Net zero farming: the business benefits and where to start

An Irish scheme to create the world’s first climate-neutral dairy farm has just won a €2 million science innovation prize, and the prize-winners intend to use the same template to help 5,000 more dairy farms reach net zero in the next five years. Here in the UK, the National Farmers’ Union (NFU) already has a goal in place for British farming to achieve net zero emissions by 2040, while supermarket giant Morrisons announced this spring that it is aiming for a net zero farming supply chain by 2030. But what does this new focus on cutting emissions mean for farmers?

A tractor in front of a sunset

Why UK farmers need to act on climate change

Morrisons is British farming’s biggest supermarket customer, so its decision to cut emissions from its value chain will already be having an impact on UK agriculture. And it is highly likely that other businesses in the food industry will follow suit. Increasing numbers of UK businesses are creating a roadmap to net zero, and this means taking a hard look at the emissions generated by the businesses they work with: so-called Scope 3 emissions. Businesses who do nothing about their emissions could lose big customers when it comes to contract renewal time.

The sector could also be facing pressure from the government soon. The UK’s legally binding target of net zero emissions by 2050 is ambitious, and the latest progress report suggests that, on the basis of current progress, we are highly unlikely to achieve it. To get back on track, the UK will need to work on reducing emissions in all sectors. Farming produces roughly 10% of our greenhouse gas emissions, which is below the global average but high when you consider that the UK imports around 80% of the food it consumes. Rather than waiting for the government to force through changes that could harm the competitiveness of the sector, it makes sense for individual farming businesses to tackle their emissions now, on their own terms.

What you can do

The NFU has produced a useful guide, Doing Our Bit For Net Zero, which sets out three “pillars” of a net zero strategy for farmers: productivity, carbon storage and renewable energy.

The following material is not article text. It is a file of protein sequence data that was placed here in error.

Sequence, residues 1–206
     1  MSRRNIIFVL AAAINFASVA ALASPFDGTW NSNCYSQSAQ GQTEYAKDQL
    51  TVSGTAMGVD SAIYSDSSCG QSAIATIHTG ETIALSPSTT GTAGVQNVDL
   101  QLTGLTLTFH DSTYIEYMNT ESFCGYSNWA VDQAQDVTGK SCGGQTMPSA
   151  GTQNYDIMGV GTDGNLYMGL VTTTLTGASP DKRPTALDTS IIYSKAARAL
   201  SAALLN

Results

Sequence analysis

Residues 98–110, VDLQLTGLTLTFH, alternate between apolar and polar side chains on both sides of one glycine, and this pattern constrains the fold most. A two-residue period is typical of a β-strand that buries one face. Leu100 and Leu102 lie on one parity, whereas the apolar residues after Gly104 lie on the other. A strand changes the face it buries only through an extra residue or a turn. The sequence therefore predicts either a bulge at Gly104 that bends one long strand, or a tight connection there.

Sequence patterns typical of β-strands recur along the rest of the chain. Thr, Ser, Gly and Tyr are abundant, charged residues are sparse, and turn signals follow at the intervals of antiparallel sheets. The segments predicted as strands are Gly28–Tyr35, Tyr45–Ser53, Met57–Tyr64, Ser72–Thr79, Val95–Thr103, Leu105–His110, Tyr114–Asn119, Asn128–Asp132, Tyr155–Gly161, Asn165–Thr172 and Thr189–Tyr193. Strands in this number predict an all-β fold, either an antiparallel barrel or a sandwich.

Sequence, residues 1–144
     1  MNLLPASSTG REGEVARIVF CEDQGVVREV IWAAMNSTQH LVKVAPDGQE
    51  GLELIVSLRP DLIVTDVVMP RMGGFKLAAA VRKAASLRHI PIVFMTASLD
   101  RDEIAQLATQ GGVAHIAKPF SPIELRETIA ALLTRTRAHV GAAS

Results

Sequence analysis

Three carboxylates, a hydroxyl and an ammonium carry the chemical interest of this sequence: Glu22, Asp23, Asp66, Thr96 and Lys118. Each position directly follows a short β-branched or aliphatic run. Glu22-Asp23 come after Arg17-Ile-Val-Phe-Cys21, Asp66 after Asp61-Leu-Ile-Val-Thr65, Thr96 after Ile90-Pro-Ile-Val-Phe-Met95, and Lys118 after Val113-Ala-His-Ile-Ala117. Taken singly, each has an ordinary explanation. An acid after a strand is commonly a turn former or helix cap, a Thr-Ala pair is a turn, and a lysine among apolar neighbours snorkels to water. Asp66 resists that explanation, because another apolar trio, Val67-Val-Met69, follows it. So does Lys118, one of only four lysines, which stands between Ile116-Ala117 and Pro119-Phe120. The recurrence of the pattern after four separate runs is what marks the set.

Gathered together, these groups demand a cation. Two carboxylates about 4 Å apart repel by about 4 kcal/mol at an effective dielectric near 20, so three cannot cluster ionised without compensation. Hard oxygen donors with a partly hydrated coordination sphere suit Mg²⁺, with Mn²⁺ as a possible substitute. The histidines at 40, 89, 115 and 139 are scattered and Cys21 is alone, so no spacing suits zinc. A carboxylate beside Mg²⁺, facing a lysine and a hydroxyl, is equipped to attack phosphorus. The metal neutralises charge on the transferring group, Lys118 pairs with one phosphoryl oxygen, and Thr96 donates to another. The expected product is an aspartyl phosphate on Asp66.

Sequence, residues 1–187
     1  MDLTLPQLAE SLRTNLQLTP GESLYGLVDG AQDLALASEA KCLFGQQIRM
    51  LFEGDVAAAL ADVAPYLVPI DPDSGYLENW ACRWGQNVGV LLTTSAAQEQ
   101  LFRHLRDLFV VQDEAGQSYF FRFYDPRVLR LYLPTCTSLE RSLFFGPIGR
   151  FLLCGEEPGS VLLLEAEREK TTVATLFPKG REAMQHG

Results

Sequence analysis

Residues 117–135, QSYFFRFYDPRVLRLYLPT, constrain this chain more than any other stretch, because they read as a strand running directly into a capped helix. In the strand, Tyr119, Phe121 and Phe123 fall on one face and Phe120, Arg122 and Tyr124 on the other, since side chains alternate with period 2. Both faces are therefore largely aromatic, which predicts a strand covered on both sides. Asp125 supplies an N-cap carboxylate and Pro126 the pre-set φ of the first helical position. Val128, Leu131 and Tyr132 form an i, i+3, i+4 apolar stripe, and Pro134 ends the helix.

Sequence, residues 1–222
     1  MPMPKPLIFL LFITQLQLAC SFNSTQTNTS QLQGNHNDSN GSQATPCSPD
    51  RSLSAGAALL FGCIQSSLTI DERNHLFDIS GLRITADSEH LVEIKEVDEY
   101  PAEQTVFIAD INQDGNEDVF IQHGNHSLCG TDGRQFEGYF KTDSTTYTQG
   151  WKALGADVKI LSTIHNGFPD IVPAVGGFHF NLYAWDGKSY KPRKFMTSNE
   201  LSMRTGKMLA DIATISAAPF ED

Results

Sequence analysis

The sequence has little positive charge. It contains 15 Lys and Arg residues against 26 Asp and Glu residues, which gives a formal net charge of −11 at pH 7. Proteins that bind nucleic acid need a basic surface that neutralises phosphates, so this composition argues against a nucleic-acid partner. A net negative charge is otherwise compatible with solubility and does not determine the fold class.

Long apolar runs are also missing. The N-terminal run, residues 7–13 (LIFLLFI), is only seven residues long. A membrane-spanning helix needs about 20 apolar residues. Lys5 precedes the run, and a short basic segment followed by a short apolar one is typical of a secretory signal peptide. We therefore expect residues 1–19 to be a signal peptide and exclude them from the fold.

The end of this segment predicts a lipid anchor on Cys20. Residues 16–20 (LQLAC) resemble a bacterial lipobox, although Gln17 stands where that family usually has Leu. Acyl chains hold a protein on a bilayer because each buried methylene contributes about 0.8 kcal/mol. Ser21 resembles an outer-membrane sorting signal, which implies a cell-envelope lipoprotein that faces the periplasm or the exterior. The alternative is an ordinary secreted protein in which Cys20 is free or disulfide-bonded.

Productivity means achieving more output for each kg of greenhouse gases generated, so that you can reduce emissions without compromising on results or the profitability of your business. Some of the many examples in the NFU report include:

  • Working with Michelin to find the optimal tyre pressure for each machine and the conditions it operates in;
  • Experimenting with different cereal varieties to find the highest yields;
  • Moving from ploughing to no-till where possible;
  • Replacing soya feed for cows with rapeseed meal to reduce food miles.

Carbon storage means thinking about land use. How can you repurpose some of your land to actually absorb carbon dioxide so that your net emissions are lower? Many farmers do this through a programme of tree planting, and the NFU estimates that each mature tree absorbs up to half a tonne of carbon dioxide per year. But preserving existing carbon sinks is just as important as creating new ones. Does your land include wetlands or peatlands? Careful management of these resources is important for your farm’s net emissions. Have you considered our carbon reduction partners?

Renewable energy represents not just a way to reduce your net emissions, but also a potential income stream. Although many businesses choose solar because it is a straightforward option, it is worth looking at the other choices in the light of the type of farming you do and the resources you have. Understand renewable energy with our CPPA guide or get in touch with our renewable energy team.

If your business produces a lot of waste material such as sewage and decaying organic matter, it is definitely worth looking into getting an anaerobic digester to create biomethane (“green gas”). If you have a lot of land, a ground source heat pump could drastically cut your heating bills as well as reducing emissions. And if you are in a relatively isolated area with high average wind speeds, wind power could be the best option. It is well worth exploring all the possibilities to find the best return on your investment.

As the need to cut emissions becomes more urgent, many hard-working UK farmers are getting ahead of the curve. Any action taken now will reap rewards in the near future.